The Wisconsin Assessment Monies (WAM) program helps address brownfields sites throughout the state where closed or closing industrial plants are acting as impediments to economic redevelopment. The DNR’s Remediation and Redevelopment Program provides assistance by offering contractor services for completion of Phase I and II environmental assessments and limited site investigation. This program helps jump-start the process of turning properties around and getting them ready for new uses. Minimal project administration is required by the recipient and there are no matching funds required.

Clip Art of a Building

WAM is made available by a grant from the U.S. EPA at the request of the DNR and Wisconsin’s Regional Planning Commissions (jointly, the Wisconsin Brownfields Coalition).

Sites assisted by WAM are generally less than 10 acres and have petroleum or hazardous substance contamination that can be assessed for less than $35,000.  Applications for WAM services are accepted on an ongoing basis.

For more information about WAM, including eligibility requirements:

Email Tom at Thomas.Coogan@Wisconsin.gov

Oshkosh, Stoughton Brownfields to Benefit from Wisconsin Assessment Monies (WAM) Awards

Investigating for Contamination

WAM awards help investigate contamination at closed or closing industrial plants.

Two Wisconsin communities will benefit from WAM awards to help investigate contamination at two former manufacturing properties, soon destined for new life.

In Oshkosh, the Housing Authority seeks to convert the former Waite Grass Rug Factory into new housing, parking, daycare and office space. In Stoughton, the Stoughton Redevelopment Authority wants to clean up the former Millfab Holley Moulding property, getting that site ready for redevelopment.

Read the full press release.

Consulting Firms Selected for WAM Work

The Remediation and Redevelopment Program has selected four environmental consulting firms to perform work for the agency’s Wisconsin Assessment Monies (WAM) Program. The WAM contractors are:   clip art of people

  • AECOM – Milwaukee, Wis.
  • The Sigma Group – Milwaukee, Wis.
  • Bay West – Saint Paul, Minn.
  • Ramaker & Associates – Sauk City, Wis.

Under the award, contractors will perform Phase I and Phase II environmental site assessments or, if warranted, limited site investigations.

Brownfield Awards go to Three Communities in Wisconsin

Three Wisconsin Assessment Monies (WAM) Contractor Services Awards were awarded to assess contamination at two former wood-processing plants and a former creamery in Clark, Lincoln and Rusk counties.Investigating for Contamination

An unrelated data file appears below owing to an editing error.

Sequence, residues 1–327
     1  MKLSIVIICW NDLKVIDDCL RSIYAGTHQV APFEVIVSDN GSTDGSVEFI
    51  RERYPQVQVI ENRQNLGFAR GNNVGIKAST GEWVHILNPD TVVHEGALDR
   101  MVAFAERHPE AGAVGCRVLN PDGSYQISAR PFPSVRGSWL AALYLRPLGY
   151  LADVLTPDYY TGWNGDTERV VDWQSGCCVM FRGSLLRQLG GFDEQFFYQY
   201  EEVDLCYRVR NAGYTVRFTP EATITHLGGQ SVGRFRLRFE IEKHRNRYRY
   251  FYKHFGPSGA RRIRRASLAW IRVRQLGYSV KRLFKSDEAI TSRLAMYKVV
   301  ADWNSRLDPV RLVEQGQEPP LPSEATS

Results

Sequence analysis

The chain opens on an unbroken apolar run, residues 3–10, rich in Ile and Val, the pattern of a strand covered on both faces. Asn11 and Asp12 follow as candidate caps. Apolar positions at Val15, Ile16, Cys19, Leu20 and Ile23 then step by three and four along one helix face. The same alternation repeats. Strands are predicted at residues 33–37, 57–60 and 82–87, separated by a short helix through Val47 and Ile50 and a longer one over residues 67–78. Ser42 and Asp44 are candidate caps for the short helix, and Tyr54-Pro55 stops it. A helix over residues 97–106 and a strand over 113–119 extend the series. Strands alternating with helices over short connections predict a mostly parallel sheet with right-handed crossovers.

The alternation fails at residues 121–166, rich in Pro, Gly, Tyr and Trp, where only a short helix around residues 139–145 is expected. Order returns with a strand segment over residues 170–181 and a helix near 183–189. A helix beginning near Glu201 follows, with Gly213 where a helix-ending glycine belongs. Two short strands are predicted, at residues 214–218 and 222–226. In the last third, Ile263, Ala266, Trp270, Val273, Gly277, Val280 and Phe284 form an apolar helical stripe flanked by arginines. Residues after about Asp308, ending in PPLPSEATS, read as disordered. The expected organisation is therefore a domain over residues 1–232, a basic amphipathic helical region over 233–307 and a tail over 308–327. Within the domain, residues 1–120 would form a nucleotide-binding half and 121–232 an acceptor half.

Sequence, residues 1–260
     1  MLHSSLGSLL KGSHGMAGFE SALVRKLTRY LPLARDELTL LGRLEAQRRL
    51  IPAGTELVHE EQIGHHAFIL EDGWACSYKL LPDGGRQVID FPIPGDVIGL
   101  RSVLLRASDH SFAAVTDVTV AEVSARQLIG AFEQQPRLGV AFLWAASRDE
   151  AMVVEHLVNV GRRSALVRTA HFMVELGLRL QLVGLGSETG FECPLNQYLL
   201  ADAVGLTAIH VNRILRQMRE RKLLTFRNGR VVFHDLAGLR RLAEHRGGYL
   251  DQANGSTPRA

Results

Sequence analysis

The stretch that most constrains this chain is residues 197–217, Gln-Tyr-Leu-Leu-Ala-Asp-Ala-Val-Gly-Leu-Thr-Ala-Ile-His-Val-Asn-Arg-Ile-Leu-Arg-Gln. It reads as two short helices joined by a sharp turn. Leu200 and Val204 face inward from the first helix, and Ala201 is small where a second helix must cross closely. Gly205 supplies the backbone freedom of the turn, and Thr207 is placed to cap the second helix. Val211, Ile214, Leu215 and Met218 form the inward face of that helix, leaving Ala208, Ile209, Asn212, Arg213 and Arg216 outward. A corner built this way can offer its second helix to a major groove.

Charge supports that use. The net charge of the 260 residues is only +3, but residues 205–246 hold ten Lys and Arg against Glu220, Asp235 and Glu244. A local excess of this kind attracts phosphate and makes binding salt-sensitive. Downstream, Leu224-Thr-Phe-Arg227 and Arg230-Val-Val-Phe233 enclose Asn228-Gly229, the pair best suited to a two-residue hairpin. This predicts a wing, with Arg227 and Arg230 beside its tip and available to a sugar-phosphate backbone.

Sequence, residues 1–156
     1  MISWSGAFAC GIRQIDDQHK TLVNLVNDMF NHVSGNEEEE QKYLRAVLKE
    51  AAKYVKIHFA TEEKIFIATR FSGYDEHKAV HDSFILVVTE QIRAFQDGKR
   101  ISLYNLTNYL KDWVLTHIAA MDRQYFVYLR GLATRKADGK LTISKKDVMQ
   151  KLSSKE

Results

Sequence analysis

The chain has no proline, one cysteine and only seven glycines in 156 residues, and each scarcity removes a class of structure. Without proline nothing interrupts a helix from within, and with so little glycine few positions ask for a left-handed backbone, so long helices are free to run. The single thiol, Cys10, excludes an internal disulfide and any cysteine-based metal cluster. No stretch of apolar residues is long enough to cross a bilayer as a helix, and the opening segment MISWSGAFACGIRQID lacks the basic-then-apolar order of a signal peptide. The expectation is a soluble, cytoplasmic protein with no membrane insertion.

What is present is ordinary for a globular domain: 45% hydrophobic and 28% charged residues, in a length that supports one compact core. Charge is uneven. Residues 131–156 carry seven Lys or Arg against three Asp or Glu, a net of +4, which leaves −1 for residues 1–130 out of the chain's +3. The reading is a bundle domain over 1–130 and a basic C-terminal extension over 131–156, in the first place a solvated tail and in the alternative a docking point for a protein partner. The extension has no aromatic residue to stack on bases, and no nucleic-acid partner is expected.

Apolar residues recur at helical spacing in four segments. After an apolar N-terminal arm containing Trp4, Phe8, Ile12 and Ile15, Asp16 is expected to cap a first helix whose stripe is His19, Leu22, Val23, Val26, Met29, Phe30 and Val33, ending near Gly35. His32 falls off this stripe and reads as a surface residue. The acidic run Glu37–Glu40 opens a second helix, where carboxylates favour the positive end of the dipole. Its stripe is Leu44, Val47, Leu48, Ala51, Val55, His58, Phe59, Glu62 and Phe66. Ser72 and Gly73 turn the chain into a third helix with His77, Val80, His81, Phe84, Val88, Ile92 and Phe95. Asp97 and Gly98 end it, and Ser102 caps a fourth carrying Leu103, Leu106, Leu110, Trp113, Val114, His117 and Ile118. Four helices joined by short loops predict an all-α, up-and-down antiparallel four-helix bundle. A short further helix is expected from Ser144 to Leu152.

The projects are valued up to $18,000 each. The services will be used to determine soil and groundwater conditions at the former Owen Manufacturing wood-processing plant in Clark County; the former Hurd Manufacturing facility in Merrill/Lincoln counties; and at the former Sheldon Creamery in Rusk County.

See the full article for more information.

Wisconsin DNR Receives EPA Coalition Assessment Grant

The DNR’s RR Program will continue to help communities assess their brownfield sites with the addition of a $600,000 grant from the US EPA’s Assessment, Revolving Loan Fund and Cleanup (ARC) grant program. The DNR, in partnership with the Wisconsin Brownfields Coalition (WBC), is one of four Wisconsin entities to receive an FY16 ARC grant, allowing the agency to continue providing assistance to communities through the Wisconsin Assessment Monies (WAM) program. The WAM program provides no-cost environmental assessments at sites that are poised for cleanup and redevelopment. The WBC includes the DNR and all nine Wisconsin Regional Planning Commissions.

In the EPA press release, Administrator Gina McCarthy says, “These grants will empower communities to transform idle, languishing lands into vibrant hubs for business, jobs, and recreation. It’s all about empowering that initial funding, and sparking that first conversation to set stalled sites on a path to smart, safe redevelopment that directly benefits communities.”